AUGUSTA Ga. (Reuters) - With the cool stroke of a putter under ominous clouds hovering over the 18th green at Augusta National, Tiger Woods put an emphatic finishing touch on the most redemptive victory in sport history on Sunday.
While the scene was a familiar one since Woods came into the week with four Green Jackets, this one was the most improbable given it followed years of surgeries and personal problems that convinced many the best golfer of his generation was done.
But the 43-year-old Woods, who two years ago was barely hitting 60-yard shots as he worked his way back from spinal fusion surgery in April 2017, turned back the clock to deliver the sporting world a tale of redemption unlike any other.
"I had serious doubts after what transpired a couple years ago. I could barely walk. I couldn't sit. Couldn't lay down. I really couldn't do much of anything," said Woods.
"Luckily I had the procedure on my back, which gave me a chance at having a normal life. But then all of a sudden, I realised I could actually swing a golf club again.
"I felt if I could somehow piece this together that I still had the hands to do it. The body's not the same as it was a long time ago, but I still have good hands."
When his tap-in bogey settled in the cup for a one-shot win, Woods threw up his arms in triumph, igniting chants of "Tiger Tiger" that bounced through the pines as he went on to share celebratory hugs with his mother, two children and girlfriend.
The moment was a long time coming for the former world number one, who last tasted major success at the 2008 U.S. Open when his oldest child, daughter Sam, was still an infant.
Since that day, Woods went through a highly-public divorce in 2010 after revelations of his marital infidelities convinced him to take a self-imposed hiatus from professional golf, a DUI arrest in 2017 as well as multiple knee and back surgeries.
'STRUGGLED FOR YEARS'
Ever since Woods appeared on television's Mike Douglas Show at the age of two displaying his raw putting skills alongside Bob Hope, he has been expected to produce the remarkable.
And while the list of remarkable feats that Woods went on to achieve on the golf course is seemingly never ending, even he admitted this triumph, which drew congratulatory messages from U.S. President Donald Trump and former President Barack Obama, is among the most special.
"It would be up there," Woods said when asked where his latest major ranks. "One of the hardest I have ever had to win just because what has transpired the last couple years with trying to come back to playing."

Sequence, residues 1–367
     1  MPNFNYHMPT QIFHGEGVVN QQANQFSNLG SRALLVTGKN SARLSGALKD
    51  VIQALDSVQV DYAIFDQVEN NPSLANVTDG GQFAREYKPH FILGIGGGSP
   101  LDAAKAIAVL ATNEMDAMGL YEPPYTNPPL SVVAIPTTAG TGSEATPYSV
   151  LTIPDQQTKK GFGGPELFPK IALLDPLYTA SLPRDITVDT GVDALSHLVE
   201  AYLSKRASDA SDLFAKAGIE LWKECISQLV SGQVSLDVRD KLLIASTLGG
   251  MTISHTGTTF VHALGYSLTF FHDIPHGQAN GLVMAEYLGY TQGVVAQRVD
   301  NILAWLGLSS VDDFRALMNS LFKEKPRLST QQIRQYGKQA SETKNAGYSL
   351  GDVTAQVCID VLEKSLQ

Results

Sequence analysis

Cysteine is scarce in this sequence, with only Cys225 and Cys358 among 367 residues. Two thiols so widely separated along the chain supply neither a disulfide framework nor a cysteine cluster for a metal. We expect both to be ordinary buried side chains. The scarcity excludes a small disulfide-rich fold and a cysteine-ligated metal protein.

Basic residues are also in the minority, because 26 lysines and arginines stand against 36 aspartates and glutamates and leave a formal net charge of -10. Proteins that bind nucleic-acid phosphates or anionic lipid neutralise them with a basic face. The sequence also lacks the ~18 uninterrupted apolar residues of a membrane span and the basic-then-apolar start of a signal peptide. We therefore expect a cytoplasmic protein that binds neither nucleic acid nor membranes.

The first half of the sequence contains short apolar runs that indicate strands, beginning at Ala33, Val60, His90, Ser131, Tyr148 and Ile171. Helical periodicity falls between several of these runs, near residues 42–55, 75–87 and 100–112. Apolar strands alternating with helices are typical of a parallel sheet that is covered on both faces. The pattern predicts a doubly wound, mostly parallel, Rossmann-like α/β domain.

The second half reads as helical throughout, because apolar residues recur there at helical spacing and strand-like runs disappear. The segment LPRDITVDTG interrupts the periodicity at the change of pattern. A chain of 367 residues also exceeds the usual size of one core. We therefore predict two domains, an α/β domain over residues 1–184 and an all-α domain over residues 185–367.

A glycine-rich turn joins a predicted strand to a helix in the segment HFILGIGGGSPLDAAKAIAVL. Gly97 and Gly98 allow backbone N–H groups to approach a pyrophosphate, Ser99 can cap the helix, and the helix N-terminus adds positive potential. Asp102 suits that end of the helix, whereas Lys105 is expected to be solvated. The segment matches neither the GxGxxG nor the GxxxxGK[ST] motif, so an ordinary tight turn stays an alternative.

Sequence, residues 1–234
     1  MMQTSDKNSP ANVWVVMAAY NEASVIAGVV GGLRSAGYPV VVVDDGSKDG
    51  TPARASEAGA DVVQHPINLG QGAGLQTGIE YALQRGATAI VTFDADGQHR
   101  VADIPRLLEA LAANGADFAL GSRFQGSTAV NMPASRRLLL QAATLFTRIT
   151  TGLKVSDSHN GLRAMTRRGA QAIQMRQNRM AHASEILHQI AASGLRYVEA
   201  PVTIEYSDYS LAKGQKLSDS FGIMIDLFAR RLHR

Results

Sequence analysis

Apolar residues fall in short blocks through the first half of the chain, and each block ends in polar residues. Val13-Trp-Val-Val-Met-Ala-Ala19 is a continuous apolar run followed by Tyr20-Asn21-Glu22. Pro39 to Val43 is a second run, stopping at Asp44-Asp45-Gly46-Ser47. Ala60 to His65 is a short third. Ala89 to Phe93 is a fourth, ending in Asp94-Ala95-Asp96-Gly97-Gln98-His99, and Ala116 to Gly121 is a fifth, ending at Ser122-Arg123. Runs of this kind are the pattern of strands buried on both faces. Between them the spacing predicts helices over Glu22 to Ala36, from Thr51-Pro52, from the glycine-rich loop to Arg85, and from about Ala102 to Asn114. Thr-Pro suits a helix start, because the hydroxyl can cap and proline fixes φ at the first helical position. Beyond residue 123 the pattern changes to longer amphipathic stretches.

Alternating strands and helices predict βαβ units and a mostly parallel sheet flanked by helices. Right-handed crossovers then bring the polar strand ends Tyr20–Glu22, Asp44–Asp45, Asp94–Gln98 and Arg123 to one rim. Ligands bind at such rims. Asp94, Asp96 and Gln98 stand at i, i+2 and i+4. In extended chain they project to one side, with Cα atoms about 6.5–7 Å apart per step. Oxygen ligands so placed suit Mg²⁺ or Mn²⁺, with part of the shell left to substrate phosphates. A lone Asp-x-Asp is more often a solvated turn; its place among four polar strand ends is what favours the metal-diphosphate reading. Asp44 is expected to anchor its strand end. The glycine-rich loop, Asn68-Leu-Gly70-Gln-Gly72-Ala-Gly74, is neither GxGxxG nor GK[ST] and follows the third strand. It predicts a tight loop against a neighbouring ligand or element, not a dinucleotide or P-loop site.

Woods was two back of overnight leader Francesco Molinari when he stepped up to the par-four 11th, which marks the start of a five-hole stretch at Augusta National where the year's first major often hangs in the balance.
After yet another errant tee shot, Woods recovered with a skillful approach at 11 for par then moved into a share of the lead at the par-three 12th where Molinari made double-bogey after his tee shot went into Rae's Creek.
From there Woods, clad in his familiar final-round red shirt and black pants and the galleries hanging on his every swing, was off to the races as he showcased his competitive nerve to win a major for the first time while trailing after 54 holes.
To do so, Woods had to fend off a slew of big-name players who at some point over the back nine either held a share of the lead or were just a shot back.
Woods said one of the things he was most happy about was that his children, who were at last year's British Open when he could not hang onto a back-nine lead, were able to witness it in person after watching him fight pain for so long.
"The kids are starting to understand how much this game means to me, and some of the things I've done in the game; prior to comeback, they only knew that golf caused me a lot of pain," said Woods.
"If I tried to swing a club I would be on the ground and I struggled for years, and that's basically all they remember.
With the win Woods broke Gary Player's record (13 years) for the longest gap between Masters wins. It also breathed new life into a decades-long debate about whether the 15-times major winner can catch Jack Nicklaus (18) on the all-time list.
When he finally slipped back into the winner's Green Jacket, a scene many golf fans had longed for but never thought they would see again, Woods had just two words to say:
(Reporting by Frank Pingue, editing by Pritha Sarkar)